If you have applied for federal employment, you may be concerned about the background check. Your first thought may be how long does a federal background investigation take and your next concern may be whether you have any factors in your background that could disqualify you from the job.

A federal employment background check process is understandably more thorough and stringent than most. Certain disqualifiers could prevent you from obtaining the job because there may be concern about your general suitability for the position and your ability to obtain necessary security clearances.

Learn more about the background check process, the security clearance background investigation, the most common background check disqualifiers, and how these components may affect employment:


One of the important questions you will be asked during the federal employment application process is whether you have U.S. citizenship. This question is asked because you will need citizenship to obtain certain security clearances. You can be a naturalized citizen to qualify for this. This means that illegal immigrants and green card holders will not be able to pass this question. If you give a false answer to this question, it will have repercussions for your application process and disqualify you from the job.

Substance Use

Another factor that will automatically disqualify you from being able to pass a federal employment background check is the current use of an illegal substance. This is in part because that substance use would ultimately prevent you from gaining federal security clearance.

This rule is set forth by the Bond Amendment, which states individuals who are addicted to a controlled substance (using illegal drugs or abusing prescription drugs) cannot have access to restricted data. This is because the government wants to protect information from people who may not be thinking clearly.

Criminal History

Individuals with a history of criminal offense and time in prison may assume that these factors would prevent you from passing a federal employment background check. However, that may not necessarily be the case. It all depends on your specific history, how long ago it occurred, and whether you show proof of rehabilitation. You should be completely honest about your criminal history in your application because it will show up during the check. Certain crimes may disqualify you from some types of work.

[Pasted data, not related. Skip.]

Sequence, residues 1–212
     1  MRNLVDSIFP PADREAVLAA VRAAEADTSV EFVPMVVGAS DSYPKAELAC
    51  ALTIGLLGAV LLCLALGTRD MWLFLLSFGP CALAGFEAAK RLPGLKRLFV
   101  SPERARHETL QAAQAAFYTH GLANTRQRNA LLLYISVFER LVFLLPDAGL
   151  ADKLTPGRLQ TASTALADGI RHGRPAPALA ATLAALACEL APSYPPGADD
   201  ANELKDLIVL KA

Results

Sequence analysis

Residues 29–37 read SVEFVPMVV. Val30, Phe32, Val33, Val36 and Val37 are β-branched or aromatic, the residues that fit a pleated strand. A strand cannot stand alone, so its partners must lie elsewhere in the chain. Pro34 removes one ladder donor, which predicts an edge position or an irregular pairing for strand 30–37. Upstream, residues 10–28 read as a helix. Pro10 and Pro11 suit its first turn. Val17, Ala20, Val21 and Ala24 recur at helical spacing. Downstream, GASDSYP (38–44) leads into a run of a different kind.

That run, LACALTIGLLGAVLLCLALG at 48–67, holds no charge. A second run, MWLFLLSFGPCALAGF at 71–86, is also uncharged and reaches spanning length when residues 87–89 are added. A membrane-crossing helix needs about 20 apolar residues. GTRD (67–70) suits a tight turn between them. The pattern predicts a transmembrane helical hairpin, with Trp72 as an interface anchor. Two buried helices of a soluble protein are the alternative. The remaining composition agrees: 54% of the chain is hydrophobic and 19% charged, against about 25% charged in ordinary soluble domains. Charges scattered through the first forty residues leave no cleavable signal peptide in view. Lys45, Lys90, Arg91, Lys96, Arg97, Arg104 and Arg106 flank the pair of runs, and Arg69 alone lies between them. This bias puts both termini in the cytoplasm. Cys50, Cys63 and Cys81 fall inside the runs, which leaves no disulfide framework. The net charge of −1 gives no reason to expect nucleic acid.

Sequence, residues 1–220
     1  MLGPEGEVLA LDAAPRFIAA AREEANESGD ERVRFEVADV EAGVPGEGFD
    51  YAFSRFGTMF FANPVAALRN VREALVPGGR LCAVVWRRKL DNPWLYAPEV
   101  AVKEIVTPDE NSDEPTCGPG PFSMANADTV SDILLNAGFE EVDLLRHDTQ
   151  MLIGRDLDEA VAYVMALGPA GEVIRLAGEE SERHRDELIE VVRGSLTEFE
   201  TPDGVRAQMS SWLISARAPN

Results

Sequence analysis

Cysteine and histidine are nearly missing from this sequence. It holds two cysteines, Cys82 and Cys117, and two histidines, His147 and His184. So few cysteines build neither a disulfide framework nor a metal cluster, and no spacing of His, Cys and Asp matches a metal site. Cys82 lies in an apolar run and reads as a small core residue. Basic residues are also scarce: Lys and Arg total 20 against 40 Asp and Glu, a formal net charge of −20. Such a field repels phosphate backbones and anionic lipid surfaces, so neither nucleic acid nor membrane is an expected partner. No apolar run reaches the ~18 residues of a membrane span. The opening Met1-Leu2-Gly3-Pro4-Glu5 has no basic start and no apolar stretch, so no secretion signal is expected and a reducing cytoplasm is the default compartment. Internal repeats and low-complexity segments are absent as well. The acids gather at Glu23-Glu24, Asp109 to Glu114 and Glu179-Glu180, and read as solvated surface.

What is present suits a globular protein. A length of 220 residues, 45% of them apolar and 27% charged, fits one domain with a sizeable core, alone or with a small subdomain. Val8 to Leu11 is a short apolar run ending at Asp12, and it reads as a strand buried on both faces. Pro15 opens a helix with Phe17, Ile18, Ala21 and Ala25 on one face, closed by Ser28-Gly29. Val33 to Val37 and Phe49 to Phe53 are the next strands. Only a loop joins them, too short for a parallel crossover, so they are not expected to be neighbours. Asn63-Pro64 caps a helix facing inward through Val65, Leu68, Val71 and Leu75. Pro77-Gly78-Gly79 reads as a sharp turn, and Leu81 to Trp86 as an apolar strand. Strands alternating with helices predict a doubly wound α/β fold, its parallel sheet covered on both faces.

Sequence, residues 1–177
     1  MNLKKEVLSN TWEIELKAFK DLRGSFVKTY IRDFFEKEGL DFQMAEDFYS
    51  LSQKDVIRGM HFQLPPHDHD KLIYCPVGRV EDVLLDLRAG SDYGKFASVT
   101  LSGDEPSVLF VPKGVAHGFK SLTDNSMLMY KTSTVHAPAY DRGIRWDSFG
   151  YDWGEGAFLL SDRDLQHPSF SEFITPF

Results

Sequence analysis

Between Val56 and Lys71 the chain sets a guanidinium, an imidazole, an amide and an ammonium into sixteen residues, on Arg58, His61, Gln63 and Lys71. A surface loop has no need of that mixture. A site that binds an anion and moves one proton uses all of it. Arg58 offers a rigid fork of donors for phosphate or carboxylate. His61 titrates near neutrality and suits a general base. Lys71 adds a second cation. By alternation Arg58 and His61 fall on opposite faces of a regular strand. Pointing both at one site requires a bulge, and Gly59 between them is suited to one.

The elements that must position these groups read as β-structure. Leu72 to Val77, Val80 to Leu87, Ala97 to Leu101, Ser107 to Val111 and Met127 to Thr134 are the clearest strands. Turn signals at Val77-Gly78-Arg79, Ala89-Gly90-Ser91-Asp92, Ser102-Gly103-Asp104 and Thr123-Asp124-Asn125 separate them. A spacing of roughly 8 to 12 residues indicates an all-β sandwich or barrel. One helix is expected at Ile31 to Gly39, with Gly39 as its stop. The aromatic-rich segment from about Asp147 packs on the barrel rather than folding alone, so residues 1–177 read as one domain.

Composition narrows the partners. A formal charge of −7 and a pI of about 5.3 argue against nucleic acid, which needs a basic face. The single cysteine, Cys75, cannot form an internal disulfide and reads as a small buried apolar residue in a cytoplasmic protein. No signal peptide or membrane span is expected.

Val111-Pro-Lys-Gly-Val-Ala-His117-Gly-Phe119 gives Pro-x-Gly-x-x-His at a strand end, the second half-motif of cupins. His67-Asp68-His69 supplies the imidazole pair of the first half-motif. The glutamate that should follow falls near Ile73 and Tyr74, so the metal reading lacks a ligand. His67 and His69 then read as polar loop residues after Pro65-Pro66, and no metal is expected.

Another factor that will likely be considered for federal employment is your credit history. Contrary to popular belief there is not necessarily a minimum credit score for federal jobs. Instead, there is concern for whether you have generally been able to comply with financial obligations.

This is important in jobs where you would be handling money. It is also considered to reveal something about your character. If you have a history of unpaid debts and even bankruptcy, it could disqualify you from some federal employment positions. The exact outcome is determined on a case by case basis.


If your application process reveals inconsistencies, this could disqualifier from federal employment. This means that honesty is the best policy. Do not alter, oversell, or omit information. In some cases, the fact that you attempted to be misleading may be more problematic than the information would be.

Dishonesty might be considered as part of the character assessment. As with other disqualifying factors, there is concern about protecting the public from employees who may have a dishonest character.

Conflicts of Interest

For some positions, you might be disqualified from a position if the federal employment background check reveals some conflict of interest. You should reveal any potential conflicts of interest yourself, during the application process. If you attempt to hide them, it will again be viewed as a flaw in character that could cause bigger concerns and disqualify you from being hired. In some cases, conflicts of interest may be a barrier to security clearance because there is concern about how you will use the information.

Final Notes

Ultimately, federal employment background checks are intended to ensure that federal employees are adequately trustworthy and reliable, with good character. A degree of loyalty and a sense of responsibility to the United States is also sought after. The U.S. Office of Personnel Management conducts thorough checks to determine security clearance allowances and hiring eligibility. Depending on the nature of the job you seek, your potential security clearance allowance will need to match.

If you have concerns about any elements of your background and fear they may prevent your ability to be hired, you can always review your own background check information to see what may show up. Then, it is best to discuss any potential concerns directly with hiring managers during the hiring process.

Your honesty will itself be viewed positively. This will also prevent you from getting too far into the process and then being disappointed if it does not work out. That being said, do not let your past prevent you from applying. You can apply and see how your unique circumstances may work out.